Under the Incan Sun: A Morning Workout and Photo Session in Huacachina
The goal was to be out at the crack of dawn, when the desert air is at its finest. Due to evening food and internet complications, a whole other story, I got to sleep a bit later than planned. My body clock finally forced my eyes open just after the sun began its ascent.
I was out the door at 6:25 and on the dune at 6:40.
The air was crisp. The hill still sat in the shade, away from the sun’s glare. I plopped my feet into cold sand. This was a first. The smooth chill caused a tingling feeling. I thought: This is natural reflexology. The intense sensation faded quickly after getting used to this new earth’s embrace.
For the first half of the hike I was in a gigantic shadow. Ahead of me was a natural tan line separating the shade from the sun. As I moved towards it, it moved towards me, on this staircase made of sand.
By the time I’d reached the sun and sand’s tan line, I’d achieved a groove. I stopped for my hat and shades, took a sip of water and was off to complete my mission; to get to the top and complete a fantastic exercise session.
Pulling your feet out of the sand while pushing them upward, is an endeavor.
I thought: Breathe the clean desert air, in and out. Feel your lungs. Take consistent steps. What a great cardio workout. I love this!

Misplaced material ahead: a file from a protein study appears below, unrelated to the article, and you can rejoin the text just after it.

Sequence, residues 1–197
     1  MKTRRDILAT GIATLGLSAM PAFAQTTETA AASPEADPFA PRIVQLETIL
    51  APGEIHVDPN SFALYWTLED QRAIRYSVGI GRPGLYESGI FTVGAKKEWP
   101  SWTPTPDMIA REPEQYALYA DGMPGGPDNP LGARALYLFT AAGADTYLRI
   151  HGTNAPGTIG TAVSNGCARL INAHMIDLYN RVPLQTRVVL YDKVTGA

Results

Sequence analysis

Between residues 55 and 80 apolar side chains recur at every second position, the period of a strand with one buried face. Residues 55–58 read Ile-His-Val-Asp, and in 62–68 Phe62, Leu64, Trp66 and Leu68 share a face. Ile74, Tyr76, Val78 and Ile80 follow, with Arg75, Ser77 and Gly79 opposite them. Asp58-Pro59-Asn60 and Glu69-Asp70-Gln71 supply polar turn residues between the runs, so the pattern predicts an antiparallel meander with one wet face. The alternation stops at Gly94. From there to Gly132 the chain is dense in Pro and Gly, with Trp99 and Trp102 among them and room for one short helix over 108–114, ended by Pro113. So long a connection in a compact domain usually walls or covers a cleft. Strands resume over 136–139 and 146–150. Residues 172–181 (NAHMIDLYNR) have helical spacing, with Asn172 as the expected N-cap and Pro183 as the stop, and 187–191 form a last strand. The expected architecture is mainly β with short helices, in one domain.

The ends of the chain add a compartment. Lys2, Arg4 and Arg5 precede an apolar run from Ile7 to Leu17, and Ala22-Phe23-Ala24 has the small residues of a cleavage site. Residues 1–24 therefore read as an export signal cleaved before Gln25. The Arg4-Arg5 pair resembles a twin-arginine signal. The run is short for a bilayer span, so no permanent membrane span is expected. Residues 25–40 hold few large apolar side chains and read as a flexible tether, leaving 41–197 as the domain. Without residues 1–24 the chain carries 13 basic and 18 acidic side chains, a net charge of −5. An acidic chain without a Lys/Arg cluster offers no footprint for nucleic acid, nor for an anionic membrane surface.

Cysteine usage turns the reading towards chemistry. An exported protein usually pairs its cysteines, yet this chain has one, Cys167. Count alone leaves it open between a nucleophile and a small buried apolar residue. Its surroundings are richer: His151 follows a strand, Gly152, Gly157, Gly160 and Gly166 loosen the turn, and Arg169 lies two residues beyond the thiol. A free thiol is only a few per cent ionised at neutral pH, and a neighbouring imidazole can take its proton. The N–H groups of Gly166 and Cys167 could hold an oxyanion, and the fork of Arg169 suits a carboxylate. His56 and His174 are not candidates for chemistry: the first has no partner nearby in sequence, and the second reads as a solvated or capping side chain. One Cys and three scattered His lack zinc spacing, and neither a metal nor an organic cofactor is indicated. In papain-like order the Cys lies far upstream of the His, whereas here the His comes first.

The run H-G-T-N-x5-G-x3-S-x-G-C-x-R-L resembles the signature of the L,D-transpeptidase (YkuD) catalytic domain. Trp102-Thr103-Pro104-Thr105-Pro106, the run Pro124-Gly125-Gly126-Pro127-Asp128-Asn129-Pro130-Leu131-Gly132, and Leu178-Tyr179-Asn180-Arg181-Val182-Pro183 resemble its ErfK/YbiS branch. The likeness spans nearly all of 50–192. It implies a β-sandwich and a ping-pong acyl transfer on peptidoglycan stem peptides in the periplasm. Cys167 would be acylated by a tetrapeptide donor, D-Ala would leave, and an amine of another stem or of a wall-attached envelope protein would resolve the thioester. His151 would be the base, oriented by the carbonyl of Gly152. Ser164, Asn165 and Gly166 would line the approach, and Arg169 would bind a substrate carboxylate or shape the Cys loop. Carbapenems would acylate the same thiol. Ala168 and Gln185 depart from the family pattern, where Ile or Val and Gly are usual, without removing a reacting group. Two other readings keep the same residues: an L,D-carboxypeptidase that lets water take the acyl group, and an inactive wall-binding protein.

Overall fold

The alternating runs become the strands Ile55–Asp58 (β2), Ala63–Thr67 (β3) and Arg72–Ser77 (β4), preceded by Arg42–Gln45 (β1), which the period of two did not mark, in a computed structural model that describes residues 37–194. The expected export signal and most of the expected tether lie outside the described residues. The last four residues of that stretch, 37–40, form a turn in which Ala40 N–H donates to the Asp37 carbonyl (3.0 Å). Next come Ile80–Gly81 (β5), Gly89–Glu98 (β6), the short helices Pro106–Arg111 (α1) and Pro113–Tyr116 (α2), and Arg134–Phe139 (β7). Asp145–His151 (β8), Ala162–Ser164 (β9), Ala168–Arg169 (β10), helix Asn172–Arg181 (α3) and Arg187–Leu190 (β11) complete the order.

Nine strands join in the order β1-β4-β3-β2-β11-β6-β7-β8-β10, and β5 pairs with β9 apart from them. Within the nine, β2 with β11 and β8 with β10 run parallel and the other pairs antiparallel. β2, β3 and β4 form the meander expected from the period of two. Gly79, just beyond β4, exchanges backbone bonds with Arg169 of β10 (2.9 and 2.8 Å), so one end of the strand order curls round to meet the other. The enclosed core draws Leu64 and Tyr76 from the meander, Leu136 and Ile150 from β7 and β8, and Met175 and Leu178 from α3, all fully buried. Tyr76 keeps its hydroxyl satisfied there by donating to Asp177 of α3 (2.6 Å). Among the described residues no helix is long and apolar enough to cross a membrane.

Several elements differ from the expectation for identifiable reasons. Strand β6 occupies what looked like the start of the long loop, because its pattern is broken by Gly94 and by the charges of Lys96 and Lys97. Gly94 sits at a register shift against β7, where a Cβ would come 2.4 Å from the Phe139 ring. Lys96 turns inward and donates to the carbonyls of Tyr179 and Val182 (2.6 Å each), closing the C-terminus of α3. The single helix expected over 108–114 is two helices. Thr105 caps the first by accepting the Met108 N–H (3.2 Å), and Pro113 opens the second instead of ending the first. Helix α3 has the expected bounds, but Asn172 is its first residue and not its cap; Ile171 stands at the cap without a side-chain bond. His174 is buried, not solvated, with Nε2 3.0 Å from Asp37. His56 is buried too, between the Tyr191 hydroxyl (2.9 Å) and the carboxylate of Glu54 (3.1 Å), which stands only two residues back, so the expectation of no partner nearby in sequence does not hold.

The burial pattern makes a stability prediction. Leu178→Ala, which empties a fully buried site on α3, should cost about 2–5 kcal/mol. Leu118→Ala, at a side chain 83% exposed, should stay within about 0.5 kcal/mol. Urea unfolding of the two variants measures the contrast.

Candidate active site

39 minutes after I’d started, I reached the top. As it was about 7:25 am, I only saw one other person, a sand border who was practicing jumps and maneuvers. Other than him, I was alone on the summit. I thought: It’s just me, giant sand dunes, and the brightening ancient sun.
While hiking, sinking and inching upward, and after I reached the top, I managed to take a bunch of photos. Here are the ones that I’d like to share.
This is a view of Huacachina from about three-quarters of the way up the dune, a bit higher than in the last pic. At this altitude there was much less trash compared to farther down. A local man told me that the government doesn’t do anything to help keep Huacachina clean. He said that once in a while he and other locals get together and engage in trash clean up. He agreed with me that the village is over touristed. At the same time he made it clear that the pros outweigh the cons. Almost everyone in the village makes their living off of tourism.
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Can you think of any cool or alternative workout opportunities? Feel free to leave a comment below.